194: Longevity, Autoimmunity, and Plant-Based Diets With Nora Gedgaudas

194: Longevity, Autoimmunity, and Plant-Based Diets With Nora Gedgaudas

00:00 / 01:05:13

Longevity, Autoimmunity and Plant Based Diets with Nora Gedgaudas

I could not be more excited about today’s conversation and today’s guest because I am here with Nora Gedgaudas who is by and large one of the early leaders in the ancestral health and healthy living movement. Her work is brilliant and she is one of the best researchers I know.

Here’s just a short intro to her long list of accomplishments: Nora Gedgaudas is a board-certified nutritional consultant and a board-certified clinical neurofeedback specialist with over 20 years of clinical experience solving the toughest health cases. She’s a world-recognized authority on ketogenic diets, ancestrally based nutrition, and has best-selling books including Primal Body, Primal Mind, Rethinking Fatigue, and her newest book, Primal Fat Burner: Live Longer, Slow Aging, and Super-Power Your Brain and Save Your Life With a High Fat, Low-Carb Paleo Diet. (That’s a mouthful!)

Nora offers a Primalgenic health certification program, one of the best out there, called Primal Restoration. It’s a unique and invaluable source of unique cutting-edge information. If you can’t tell, I really respect her research and I’ll link to as much of it as possible in the resources below.

Let’s get into it!

Episode Highlights With Nora Gedgaudas

  • how Nora’s health career came out of her personal fight against chronic depression
  • why she resists the labels “paleo” and “ketogenic” and came up with a new approach
  • how much protein we really need and why we shouldn’t eat too much
  • the reason our diet should be high in vegetables by volume and fat by calories
  • why the vast majority of people with autoimmune disease may never know it
  • the new metabolic pathway science just discovered and what it could explain about cancer growth
  • how gluten sensitivity may not be something you can heal (sad)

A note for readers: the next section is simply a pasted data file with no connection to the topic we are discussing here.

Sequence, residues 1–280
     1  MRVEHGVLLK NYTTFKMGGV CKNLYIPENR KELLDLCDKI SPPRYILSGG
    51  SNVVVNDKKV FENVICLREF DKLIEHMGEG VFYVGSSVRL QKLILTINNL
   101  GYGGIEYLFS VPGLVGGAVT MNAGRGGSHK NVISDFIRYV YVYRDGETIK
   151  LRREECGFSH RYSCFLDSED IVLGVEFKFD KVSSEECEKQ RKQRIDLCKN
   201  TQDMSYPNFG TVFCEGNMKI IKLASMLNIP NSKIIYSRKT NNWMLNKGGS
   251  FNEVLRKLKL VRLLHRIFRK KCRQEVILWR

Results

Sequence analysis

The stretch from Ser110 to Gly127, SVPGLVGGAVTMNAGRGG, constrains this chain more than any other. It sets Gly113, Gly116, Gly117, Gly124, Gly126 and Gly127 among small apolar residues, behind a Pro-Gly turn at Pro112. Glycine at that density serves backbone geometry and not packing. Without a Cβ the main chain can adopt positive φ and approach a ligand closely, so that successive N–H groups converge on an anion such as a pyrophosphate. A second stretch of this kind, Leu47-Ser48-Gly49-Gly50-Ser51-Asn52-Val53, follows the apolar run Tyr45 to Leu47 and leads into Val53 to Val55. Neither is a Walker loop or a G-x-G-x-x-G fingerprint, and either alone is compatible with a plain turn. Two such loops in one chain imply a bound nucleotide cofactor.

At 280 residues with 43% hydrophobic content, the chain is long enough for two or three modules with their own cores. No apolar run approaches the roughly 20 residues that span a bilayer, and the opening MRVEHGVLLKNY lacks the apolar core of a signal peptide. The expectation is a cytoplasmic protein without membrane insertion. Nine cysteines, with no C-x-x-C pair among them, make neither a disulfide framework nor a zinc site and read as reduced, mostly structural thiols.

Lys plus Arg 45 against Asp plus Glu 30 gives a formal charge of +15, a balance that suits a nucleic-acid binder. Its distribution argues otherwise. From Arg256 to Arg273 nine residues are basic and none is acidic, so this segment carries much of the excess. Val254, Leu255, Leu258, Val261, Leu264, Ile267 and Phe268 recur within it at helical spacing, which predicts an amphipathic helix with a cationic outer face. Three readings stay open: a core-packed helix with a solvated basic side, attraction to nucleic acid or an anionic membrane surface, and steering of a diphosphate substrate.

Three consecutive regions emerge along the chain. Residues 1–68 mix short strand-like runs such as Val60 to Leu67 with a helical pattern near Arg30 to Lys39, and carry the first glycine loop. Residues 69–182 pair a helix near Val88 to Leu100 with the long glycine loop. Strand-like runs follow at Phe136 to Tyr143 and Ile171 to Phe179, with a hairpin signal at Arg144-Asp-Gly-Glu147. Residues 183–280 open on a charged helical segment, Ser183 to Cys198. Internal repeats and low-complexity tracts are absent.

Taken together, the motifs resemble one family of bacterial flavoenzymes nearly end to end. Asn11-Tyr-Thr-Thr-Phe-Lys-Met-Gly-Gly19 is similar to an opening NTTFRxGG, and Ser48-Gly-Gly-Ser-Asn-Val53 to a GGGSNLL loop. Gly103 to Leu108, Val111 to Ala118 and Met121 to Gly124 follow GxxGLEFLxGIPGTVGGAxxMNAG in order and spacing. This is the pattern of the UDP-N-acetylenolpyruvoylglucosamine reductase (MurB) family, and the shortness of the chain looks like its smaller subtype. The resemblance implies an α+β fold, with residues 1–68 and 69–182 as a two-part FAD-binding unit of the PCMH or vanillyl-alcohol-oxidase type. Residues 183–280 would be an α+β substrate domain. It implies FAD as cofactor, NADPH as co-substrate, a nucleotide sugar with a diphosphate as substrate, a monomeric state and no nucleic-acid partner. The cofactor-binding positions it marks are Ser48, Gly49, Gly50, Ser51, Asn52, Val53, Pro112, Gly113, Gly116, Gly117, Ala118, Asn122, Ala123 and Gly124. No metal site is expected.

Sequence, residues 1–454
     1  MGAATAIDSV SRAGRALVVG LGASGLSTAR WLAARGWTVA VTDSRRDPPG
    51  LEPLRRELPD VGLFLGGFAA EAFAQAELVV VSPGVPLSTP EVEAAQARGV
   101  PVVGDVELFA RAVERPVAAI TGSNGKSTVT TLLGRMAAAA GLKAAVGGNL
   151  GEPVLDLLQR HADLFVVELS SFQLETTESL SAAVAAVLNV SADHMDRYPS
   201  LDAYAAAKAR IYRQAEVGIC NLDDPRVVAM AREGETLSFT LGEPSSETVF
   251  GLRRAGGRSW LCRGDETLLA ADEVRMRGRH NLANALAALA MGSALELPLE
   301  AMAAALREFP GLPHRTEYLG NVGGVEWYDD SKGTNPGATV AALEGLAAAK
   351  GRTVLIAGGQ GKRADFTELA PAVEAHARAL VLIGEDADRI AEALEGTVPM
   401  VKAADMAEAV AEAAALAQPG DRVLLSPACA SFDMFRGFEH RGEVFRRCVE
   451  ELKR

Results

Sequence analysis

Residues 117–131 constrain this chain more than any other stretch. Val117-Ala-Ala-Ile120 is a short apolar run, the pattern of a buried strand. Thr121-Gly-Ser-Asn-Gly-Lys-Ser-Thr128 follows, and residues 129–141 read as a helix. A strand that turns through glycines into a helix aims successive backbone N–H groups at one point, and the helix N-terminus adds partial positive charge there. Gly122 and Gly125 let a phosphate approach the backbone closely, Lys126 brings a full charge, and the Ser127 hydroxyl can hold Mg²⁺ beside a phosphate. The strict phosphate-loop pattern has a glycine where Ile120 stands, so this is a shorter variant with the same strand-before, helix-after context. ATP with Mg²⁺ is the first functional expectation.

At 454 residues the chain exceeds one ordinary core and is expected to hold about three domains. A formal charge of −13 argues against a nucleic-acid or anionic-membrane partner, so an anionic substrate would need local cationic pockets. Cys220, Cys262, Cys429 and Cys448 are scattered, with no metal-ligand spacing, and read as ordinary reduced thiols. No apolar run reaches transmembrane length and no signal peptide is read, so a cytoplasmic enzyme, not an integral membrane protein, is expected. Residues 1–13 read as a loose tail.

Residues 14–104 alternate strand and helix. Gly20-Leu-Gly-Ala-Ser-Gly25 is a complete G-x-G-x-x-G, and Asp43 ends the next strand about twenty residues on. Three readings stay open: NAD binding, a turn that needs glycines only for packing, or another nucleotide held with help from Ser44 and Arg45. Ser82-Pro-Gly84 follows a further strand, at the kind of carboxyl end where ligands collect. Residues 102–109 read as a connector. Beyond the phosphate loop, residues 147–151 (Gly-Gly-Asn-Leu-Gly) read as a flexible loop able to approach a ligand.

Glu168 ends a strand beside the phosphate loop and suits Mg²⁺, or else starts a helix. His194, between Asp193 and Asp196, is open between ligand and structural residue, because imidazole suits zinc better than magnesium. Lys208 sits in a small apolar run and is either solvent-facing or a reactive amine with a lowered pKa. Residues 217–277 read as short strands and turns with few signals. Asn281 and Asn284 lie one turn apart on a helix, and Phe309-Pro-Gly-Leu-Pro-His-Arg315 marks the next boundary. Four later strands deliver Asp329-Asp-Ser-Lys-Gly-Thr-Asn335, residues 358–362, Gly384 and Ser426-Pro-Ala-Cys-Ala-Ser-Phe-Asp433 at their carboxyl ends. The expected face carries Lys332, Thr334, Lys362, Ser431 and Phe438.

• “oral tolerance” — what it is and how it’s just as important as healing your gut
  • the surprising reason we actually don’t need dietary carbohydrates
  • if women can handle a keto diet for the long-term
  • Nora’s take on longevity (it’s fascinating!)
  • so much more!

Resources We Mention

Books by Nora Gedgaudas

Episode Quotables From Nora Gedgaudas

“And I’ve grown very weary of trying to fit myself like a square peg into a round hole, into either the so-called paleo thing or the so-called ketogenic thing, there’s a lot going on that I have a really hard time with. So what I’ve done is I’ve kind of decided to sort of set up my own terminology, something that divests itself a little bit of the stigmas and baggage associated with these other highly commercialized terms now, and I referred to it as ‘Primalgenic.'”

“Fat is naturally meant to be our primary source of fuel as a species in the form of free fatty acids and ketones. Glucose instead is meant to serve strictly an auxiliary or secondary role.”

“I believe we’re living in a more hostile environment that anything our prehistoric ancestors could wrap themselves around. But what’s most threatening to us today are those things that are actually invisible to us, and we’re not wired for that.”

More From Wellness Mama

Are you a paleo or ketogenic diet fan? What differences has your diet made in your life? Also, please take two minutes to leave a review on iTunes. I value knowing what you think and this helps other moms find the podcast as well!